Times are tough for small businesses.
I’ve been reluctant to write about Walker’s Café for many reasons. The main one is it’s not my fight. As someone who has worked in the real estate industry for 36 years, I can tell you it’s important that commercial properties be run according to their “highest and best use.” If you think it is simply financial, you’re wrong — contributing to the quality of life in a community is equally important. However, a commercial property must remain financially viable for it to be maintained and retained.
In 2009, my 93-year-old grandfather-in-law visited and asked me to take him to Walker’s for lunch. Grandpa Don had lots of happy memories to share about grabbing a bite with his wife, Dafne, and enjoying the coast. He wasn’t eating the best sandwiches in the world; for him, he was eating nostalgia. Nothing tastes better than memories.
I have to be honest — I was a bit concerned about whether the kitchen was sanitary and all of the deferred maintenance. I’ve traveled the world and eaten in some scary places, including months traveling the Silk Road in China. This wasn’t that, but my work and experience with the City of LA made me keenly aware that there would need to be improvements if the property were ever to change hands.
For me, the highest and best use of Walker’s is a café that serves the community as a family-friendly, clean, reasonably priced, well-maintained spot for locals and visitors alike. To serve beer and wine, some work needs to be done, possible kitchen expansion, and ADA-compliant bathrooms. While I love motorcycles, I’m not a fan of revving engines during Shakespeare by the Sea or disturbing the neighbors. The café should be inviting and welcoming to all visitors looking to enjoy the coast and the park without making it hard for others to do the same.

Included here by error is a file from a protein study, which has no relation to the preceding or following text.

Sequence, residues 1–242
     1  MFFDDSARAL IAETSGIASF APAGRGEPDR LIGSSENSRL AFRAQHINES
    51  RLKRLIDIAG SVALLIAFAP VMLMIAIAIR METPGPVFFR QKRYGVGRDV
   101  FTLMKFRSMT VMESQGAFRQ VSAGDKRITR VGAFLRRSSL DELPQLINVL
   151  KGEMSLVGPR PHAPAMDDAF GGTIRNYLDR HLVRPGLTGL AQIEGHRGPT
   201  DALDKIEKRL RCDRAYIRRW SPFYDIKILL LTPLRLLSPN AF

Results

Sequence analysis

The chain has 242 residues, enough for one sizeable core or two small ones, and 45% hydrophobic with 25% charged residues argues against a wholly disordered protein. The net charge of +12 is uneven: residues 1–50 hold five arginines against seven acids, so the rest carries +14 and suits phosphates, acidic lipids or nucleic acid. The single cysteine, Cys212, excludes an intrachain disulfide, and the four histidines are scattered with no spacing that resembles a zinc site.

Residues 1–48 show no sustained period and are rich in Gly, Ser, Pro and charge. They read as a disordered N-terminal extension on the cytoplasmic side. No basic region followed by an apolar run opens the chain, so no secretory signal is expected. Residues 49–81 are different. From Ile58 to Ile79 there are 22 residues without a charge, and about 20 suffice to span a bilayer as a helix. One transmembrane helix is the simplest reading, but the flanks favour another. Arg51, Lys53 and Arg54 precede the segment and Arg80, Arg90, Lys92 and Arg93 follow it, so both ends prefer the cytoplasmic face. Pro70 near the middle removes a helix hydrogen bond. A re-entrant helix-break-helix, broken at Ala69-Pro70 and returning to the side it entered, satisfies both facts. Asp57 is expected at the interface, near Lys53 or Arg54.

Some people don’t understand Walker’s Café is a commercial business. That means it must be profitable to survive. When I say that, some folks immediately equate profit to greed. To me, profitable means being able to hire locally at a livable wage and with a short commute. Profitable means being able to provide quality products in a safe, clean, and well-maintained business at a price working-class families can afford. And profitable means being able to support a small family-run business without bankrupting the owners. If it’s not profitable, it’s a hobby and not a business and, therefore, not sustainable for the long haul.
The historical designation has tripled the cost to renovate, tripled the time to do so, and tripled the bureaucratic red tape. The architects, consultants, attorneys, and renovations could easily exceed $1 million. That’s a lot for an 800-square-foot café. It is good to see more people beginning to understand that the historical designation is a hindrance, not a help, and why it may keep Walker’s from ever reopening. However, it’s time to get past that and work toward solutions. I estimate Walker’s would need to sell 370,000 burgers at $9, with a 30 percent margin to cover these costs. A good day for McDonald’s is 800 without a drive-thru.
For Walker’s to return, it will need a huge cash investment to make the repairs in compliance with the city, county, and coastal and historical commissions. I would support a nonprofit raising funds to bring Walker’s back to its historic glory. Short of that, the owners plan to build two units behind Walker’s, similar to the existing rentals on that block. This solution could cover the costs and make the property appealing to an owner/operator in the future. Hopefully, the community will come out in support of getting Walker’s reopened in a way that can be sustained, maintained, and enjoyed by many generations to come. spt